Social Studies Doesn’t Have to Be “Boring": Engaging Secondary Students in Social Studies Education Using Student-Centered Strategies and the C3 Framework for Inquiry Towards Real-World Social Justice Outcomes
The way that students have traditionally learned social studies in secondary schools, with their teacher at the front of the classroom lecturing as students are expected to take notes and memorize facts, is an outdated method. This way of “learning” makes social studies unenjoyable, and often makes social studies seem completely unrelated to students’ lives today. These are a few reasons why social studies is often considered the least favorite subject of students in school. When social studies is taught in ways that piques students’ curiosity and makes curriculum relevant to students’ lives, is becomes enjoyable and can even be transformative for a students’ education.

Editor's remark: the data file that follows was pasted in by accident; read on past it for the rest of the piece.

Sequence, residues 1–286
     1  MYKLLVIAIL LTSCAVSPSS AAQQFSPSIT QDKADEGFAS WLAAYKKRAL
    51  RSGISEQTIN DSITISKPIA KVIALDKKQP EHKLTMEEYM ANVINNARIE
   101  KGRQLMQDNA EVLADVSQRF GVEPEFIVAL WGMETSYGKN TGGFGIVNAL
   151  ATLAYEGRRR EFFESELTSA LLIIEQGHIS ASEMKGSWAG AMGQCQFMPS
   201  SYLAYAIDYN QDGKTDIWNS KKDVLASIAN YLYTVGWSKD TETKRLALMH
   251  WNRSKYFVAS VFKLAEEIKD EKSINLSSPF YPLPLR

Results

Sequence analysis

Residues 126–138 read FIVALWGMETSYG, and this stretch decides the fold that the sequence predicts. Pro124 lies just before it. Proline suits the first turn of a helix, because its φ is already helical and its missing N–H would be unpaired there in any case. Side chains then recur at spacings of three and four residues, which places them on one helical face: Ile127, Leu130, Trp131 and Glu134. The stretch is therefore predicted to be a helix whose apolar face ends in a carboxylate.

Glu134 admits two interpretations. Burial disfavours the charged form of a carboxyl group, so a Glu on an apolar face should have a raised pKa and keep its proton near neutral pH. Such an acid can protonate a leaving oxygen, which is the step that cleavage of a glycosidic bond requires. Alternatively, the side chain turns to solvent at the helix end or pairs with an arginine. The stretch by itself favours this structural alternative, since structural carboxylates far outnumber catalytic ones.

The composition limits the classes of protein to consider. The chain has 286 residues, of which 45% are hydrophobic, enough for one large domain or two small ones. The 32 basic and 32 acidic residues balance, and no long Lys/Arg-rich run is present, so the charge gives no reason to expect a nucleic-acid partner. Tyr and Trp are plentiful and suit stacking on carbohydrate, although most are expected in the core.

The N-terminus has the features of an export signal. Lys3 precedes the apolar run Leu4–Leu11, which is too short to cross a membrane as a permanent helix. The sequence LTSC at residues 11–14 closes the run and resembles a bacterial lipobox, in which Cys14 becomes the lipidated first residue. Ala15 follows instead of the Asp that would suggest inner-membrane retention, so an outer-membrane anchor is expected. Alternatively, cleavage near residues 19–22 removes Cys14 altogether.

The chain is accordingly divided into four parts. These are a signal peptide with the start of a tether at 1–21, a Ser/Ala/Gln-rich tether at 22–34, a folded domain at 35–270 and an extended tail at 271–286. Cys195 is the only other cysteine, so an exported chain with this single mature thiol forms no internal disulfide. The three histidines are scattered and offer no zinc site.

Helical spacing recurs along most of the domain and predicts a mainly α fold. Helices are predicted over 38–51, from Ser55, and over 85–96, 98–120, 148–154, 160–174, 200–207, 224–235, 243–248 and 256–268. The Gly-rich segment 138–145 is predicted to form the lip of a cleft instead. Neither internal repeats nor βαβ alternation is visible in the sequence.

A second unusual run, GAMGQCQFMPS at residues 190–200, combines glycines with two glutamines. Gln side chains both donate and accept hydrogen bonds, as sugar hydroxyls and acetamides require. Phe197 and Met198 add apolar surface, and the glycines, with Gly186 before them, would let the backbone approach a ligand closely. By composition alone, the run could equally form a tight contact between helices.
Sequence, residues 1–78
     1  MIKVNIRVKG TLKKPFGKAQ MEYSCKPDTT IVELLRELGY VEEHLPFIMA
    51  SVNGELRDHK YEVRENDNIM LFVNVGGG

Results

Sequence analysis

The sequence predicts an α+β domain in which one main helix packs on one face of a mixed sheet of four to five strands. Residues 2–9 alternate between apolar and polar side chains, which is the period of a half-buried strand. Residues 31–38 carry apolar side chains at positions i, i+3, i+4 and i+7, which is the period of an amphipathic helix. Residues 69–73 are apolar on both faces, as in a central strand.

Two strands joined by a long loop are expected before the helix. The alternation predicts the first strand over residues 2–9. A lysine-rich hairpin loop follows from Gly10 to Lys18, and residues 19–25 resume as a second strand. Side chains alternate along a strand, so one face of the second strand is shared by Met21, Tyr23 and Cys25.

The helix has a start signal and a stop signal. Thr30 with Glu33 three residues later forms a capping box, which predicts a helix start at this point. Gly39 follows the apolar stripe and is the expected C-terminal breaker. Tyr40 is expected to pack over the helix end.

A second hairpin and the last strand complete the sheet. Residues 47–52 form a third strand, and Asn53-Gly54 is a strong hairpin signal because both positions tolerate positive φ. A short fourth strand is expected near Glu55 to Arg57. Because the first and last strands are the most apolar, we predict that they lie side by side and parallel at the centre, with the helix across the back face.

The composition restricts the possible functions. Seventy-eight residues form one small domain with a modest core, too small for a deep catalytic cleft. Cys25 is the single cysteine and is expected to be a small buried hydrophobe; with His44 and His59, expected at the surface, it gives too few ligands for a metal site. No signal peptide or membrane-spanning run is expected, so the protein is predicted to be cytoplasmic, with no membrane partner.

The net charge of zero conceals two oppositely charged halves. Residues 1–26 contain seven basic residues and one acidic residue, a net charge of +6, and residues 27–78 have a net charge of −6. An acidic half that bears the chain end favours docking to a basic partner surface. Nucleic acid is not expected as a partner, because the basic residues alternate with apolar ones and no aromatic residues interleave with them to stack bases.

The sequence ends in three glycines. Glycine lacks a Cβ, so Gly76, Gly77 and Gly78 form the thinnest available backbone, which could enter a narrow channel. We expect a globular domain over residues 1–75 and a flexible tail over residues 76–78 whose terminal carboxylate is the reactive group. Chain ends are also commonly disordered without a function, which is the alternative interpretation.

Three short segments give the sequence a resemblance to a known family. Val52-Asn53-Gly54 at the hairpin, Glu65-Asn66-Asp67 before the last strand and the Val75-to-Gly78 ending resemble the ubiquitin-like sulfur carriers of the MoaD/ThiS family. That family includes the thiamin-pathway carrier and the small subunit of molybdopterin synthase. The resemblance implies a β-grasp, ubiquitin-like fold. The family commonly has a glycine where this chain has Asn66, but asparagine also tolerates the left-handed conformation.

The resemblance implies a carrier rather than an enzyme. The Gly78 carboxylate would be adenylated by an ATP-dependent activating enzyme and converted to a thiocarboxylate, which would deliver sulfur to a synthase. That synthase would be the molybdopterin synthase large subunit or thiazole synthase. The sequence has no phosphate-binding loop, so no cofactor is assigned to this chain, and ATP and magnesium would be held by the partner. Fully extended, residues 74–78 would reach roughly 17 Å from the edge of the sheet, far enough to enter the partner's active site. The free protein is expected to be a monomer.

To develop my ability as a teacher and go beyond the social studies classroom strategies I experienced in my secondary education, in this action research I implemented new strategies into the classroom where I am student teaching. I implemented lessons that worked towards a goal of social justice, using student- centered strategies and an inquiry model of learning for social studies from the College, Career, and Civic Life (C3) Framework, with an overall goal of engaging students in social studies learning that is relevant to them. Although implementing these changes in the classroom was not an easy task, as I found all students needed significant scaffolding for this style of learning they were unfamiliar with, the outcome was worthwhile.
Date of Award
Master of Arts in Teaching (initial licensure)
Type (DCMI Terms)
Curriculum and Instruction | Secondary Education
Jansen, K. (2021). Social Studies Doesn’t Have to Be “Boring": Engaging Secondary Students in Social Studies Education Using Student-Centered Strategies and the C3 Framework for Inquiry Towards Real-World Social Justice Outcomes (master's thesis). Western Oregon University, Monmouth, Oregon. Retrieved from https://digitalcommons.wou.edu/theses/105
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